November 18, 2018

Can French comedian Gad Elmaleh make America laugh — in English?

In a small living room in Montreal on a quiet Shabbat afternoon in around 1990, about a decade before Gad Elmaleh became the biggest comedian in France and 25 years before he made his improbable move to America, I was hanging with him and a few friends, trying not to talk about the weekly Torah portion.

Elmaleh, like many other young Moroccan Jews at the time, had caught the religious bug, which meant that observing Shabbat was the cool thing to do.

But we had our limits. We still wanted to laugh.

So, as we were schmoozing on that afternoon, someone brought up a “fashion show” that was coming up in the community. Elmaleh, who was then about 20, took the phrase and ran with it — in Arabic. 

Using only the words “fashion show,” he mimicked the way our parents sound when they speak Arabic. He threw in some facial expressions and dramatic gestures, and basically told us an entire story using only two words.

Years later, I watched a video of Elmaleh performing in front of a huge crowd in Paris. I remember his bit about, “There’s no such thing as a small rabbi—they’re all big. I’m just looking for a small, good-looking rabbi.” This was exactly the same guy who made us laugh in that living room. He could take any little observation and run with it. Only now, instead of a few buddies laughing in Montreal, it was a few thousand people laughing in Paris.

By then, Elmaleh had become the funniest man in France. What started with small, local shows for the Montreal Sephardic community — where his signature act was to imitate old Moroccan Jews living in the modern world — quickly grew to major events once he moved from Montreal to Paris in the early 1990s.

He made history in 2007, when he sold out the prestigious Olympia (the French version of Carnegie Hall) for seven consecutive weeks, something no artist had done before. 

His comedy was a hit in Paris for the same reason it was a hit in Montreal — he could make little observations, create characters and deliver stories with timing and body language that made everyone crack up.

Although he’s also had some starring roles in movies, his first love has always been to perform live, feeding off a crowd’s energy.

But here’s where the plot thickens. Elmaleh, who’s a youthful 45, has made it to the top by performing in his first language — French. In the past, even when he’s performed in Los Angeles for sellout crowds, it was for the local French community. It never dawned on anyone that he’d want to switch to English-speaking comedy clubs. 

But that is exactly what he is doing now.

Because of his ability to find laughs in the smallest things, some people have called him a French version of Jerry Seinfeld, who last year featured Elmaleh on his Web show, “Comedians in Cars getting Coffee.” There is some truth in the comparison, but it’s too easy.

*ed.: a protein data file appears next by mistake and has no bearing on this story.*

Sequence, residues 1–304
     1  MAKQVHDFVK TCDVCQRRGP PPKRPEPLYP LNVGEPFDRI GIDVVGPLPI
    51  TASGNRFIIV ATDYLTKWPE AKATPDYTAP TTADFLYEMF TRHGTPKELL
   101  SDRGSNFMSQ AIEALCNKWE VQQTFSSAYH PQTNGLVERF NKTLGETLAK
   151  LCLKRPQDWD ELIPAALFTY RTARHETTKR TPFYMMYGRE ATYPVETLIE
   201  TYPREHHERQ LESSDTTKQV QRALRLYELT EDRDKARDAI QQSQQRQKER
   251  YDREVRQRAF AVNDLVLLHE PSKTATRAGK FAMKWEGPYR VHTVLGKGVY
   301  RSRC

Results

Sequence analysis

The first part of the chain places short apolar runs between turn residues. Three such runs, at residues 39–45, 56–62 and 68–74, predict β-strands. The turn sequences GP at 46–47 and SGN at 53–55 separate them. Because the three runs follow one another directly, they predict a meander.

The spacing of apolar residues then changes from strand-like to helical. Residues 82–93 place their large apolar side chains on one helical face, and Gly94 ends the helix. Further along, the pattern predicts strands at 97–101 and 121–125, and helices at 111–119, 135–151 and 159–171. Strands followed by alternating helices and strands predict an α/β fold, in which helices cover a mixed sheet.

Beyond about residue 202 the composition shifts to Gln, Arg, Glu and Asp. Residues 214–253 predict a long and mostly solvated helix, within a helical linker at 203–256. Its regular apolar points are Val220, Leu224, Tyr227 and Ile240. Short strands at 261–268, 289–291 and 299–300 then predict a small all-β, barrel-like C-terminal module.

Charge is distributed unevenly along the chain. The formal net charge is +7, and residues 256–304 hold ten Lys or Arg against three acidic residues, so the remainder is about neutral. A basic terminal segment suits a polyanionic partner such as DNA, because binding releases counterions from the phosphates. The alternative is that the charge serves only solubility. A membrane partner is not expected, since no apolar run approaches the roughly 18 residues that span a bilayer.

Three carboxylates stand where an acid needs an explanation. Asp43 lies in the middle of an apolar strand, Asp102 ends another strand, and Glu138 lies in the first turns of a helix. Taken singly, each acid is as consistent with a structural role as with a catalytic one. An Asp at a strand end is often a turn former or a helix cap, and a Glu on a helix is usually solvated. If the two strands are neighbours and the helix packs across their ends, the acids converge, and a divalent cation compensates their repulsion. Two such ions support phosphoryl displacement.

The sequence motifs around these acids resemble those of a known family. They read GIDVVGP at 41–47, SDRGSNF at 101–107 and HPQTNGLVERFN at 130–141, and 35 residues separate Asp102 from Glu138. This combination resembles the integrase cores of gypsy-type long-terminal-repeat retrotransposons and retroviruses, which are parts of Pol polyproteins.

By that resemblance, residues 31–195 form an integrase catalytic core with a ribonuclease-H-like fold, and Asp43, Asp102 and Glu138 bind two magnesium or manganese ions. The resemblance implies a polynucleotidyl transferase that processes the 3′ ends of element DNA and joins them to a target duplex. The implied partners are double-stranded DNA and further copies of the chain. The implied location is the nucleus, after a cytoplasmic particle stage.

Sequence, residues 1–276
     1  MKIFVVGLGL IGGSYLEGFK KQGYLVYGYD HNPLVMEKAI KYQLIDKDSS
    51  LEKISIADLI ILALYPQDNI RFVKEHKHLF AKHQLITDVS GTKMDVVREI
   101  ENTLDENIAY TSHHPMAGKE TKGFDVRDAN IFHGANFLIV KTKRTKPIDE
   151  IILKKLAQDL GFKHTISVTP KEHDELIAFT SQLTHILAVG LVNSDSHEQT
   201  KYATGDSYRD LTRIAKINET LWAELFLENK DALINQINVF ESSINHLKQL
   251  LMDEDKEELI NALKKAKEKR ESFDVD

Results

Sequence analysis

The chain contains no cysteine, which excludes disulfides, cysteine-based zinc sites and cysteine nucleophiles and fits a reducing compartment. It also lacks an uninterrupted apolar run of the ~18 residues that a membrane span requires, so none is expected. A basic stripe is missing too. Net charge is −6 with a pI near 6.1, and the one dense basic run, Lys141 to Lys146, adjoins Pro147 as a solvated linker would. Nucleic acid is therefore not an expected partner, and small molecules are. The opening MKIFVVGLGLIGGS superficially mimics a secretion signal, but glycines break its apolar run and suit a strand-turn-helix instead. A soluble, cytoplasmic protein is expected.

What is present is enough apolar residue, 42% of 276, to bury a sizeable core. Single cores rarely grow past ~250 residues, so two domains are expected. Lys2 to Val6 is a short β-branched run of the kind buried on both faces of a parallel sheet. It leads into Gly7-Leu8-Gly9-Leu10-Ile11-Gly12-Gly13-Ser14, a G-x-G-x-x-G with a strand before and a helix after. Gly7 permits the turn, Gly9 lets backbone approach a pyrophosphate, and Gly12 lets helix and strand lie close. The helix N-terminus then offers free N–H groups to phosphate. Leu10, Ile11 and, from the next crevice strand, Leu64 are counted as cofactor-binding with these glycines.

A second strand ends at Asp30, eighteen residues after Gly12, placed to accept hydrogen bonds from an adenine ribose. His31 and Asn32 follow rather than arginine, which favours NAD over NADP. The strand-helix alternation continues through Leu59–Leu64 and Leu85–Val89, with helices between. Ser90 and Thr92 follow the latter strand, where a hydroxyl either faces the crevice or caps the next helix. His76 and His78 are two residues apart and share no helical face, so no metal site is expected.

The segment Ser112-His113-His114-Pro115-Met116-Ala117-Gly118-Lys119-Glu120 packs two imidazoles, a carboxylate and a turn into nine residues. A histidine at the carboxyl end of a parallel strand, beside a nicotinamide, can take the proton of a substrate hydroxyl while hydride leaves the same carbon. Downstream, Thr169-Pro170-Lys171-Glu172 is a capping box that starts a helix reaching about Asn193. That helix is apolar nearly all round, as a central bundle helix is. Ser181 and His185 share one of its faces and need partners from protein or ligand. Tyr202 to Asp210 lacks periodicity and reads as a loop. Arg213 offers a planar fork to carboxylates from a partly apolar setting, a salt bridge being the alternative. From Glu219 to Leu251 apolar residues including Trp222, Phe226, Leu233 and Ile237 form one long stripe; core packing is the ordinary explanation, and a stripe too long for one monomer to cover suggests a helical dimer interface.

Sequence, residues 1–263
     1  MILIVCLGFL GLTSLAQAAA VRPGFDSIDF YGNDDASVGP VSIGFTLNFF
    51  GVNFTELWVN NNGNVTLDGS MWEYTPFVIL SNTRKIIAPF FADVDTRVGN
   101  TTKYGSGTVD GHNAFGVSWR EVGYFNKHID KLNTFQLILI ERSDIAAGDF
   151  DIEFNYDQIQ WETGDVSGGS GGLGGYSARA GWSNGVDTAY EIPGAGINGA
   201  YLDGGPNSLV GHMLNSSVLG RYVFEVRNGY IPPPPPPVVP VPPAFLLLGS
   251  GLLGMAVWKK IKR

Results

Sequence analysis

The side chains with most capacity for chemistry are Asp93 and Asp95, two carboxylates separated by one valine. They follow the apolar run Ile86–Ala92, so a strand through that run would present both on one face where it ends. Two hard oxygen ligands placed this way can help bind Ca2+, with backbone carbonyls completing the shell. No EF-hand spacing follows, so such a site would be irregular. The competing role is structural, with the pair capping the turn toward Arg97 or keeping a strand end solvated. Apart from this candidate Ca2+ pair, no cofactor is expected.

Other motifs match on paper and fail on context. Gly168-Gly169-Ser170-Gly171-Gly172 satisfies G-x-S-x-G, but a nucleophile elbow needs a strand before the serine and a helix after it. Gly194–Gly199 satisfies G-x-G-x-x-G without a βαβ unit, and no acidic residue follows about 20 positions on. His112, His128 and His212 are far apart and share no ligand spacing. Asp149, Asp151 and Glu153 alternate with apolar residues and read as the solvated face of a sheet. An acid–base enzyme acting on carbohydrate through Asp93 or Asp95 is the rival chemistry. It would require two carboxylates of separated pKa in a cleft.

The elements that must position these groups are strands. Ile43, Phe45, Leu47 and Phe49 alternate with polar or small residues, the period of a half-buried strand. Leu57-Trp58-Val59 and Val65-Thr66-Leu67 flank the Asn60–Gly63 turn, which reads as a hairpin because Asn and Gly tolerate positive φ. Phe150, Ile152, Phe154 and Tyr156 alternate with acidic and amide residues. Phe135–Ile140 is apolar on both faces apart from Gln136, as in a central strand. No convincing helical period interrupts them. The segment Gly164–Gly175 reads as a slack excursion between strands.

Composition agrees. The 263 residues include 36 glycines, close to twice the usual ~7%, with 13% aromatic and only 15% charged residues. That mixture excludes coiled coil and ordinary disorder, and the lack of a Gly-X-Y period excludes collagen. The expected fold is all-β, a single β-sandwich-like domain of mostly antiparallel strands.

About two years ago, at the pinnacle of his career, he decided to push himself to see if he could make America laugh — in English.

So, with his broken English, he set out on the road and started performing in little clubs. Since January, he’s been a Tuesday night regular at the famous Joe’s Pub in New York City, where he now lives. 

Thanks to lots of classes and plenty of practice, his English has significantly improved. But while he’s starting to get the hang of the language and making people laugh, the transition to American comedy is still a high-wire act. No one knows yet how far he can go or how long it will last. 

It helps that Elmaleh has very funny body language, which is universal. But stand-up comedy lives or dies with words, with material, with jokes. When a comic comes onstage, he has to break the ice and create an instant connection with strangers.

How do you do that if you’re not immersed in the language, the dialect and the culture of the country in which you are performing?

Or, using comedian slang, how do you “kill” in America if your first language is definitively French? 

These days, making America laugh is all that matters to Elmaleh. This was evident when he visited my house a few weeks ago for a little schmooze.

He was preparing for his three gigs this past week in Los Angeles at Largo. Although we normally speak to each other in French, he wanted to speak only in English. We talked about what makes Americans laugh. He was a sponge. He took more notes than I did.

He doesn’t want to be just a French comic in America; he wants to be a French Jewish comic in America. That’s a bigger canvas.

He has become a student of Jewish-American comedy. Because of his ability to find laughs in the smallest things, some people have called him a French version of Jerry Seinfeld, who has already featured Elmaleh on his Web show, “Comedians in Cars Getting Coffee.” There is some truth in the comparison, but it’s too easy.

Elmaleh is developing his own voice based on his unique journey. He admitted to me that it’s all a work in progress. He’s observing everything around him and trying to find humor in a brand new culture. 

“It’s fun because it’s like I’m starting all over again,” he told me.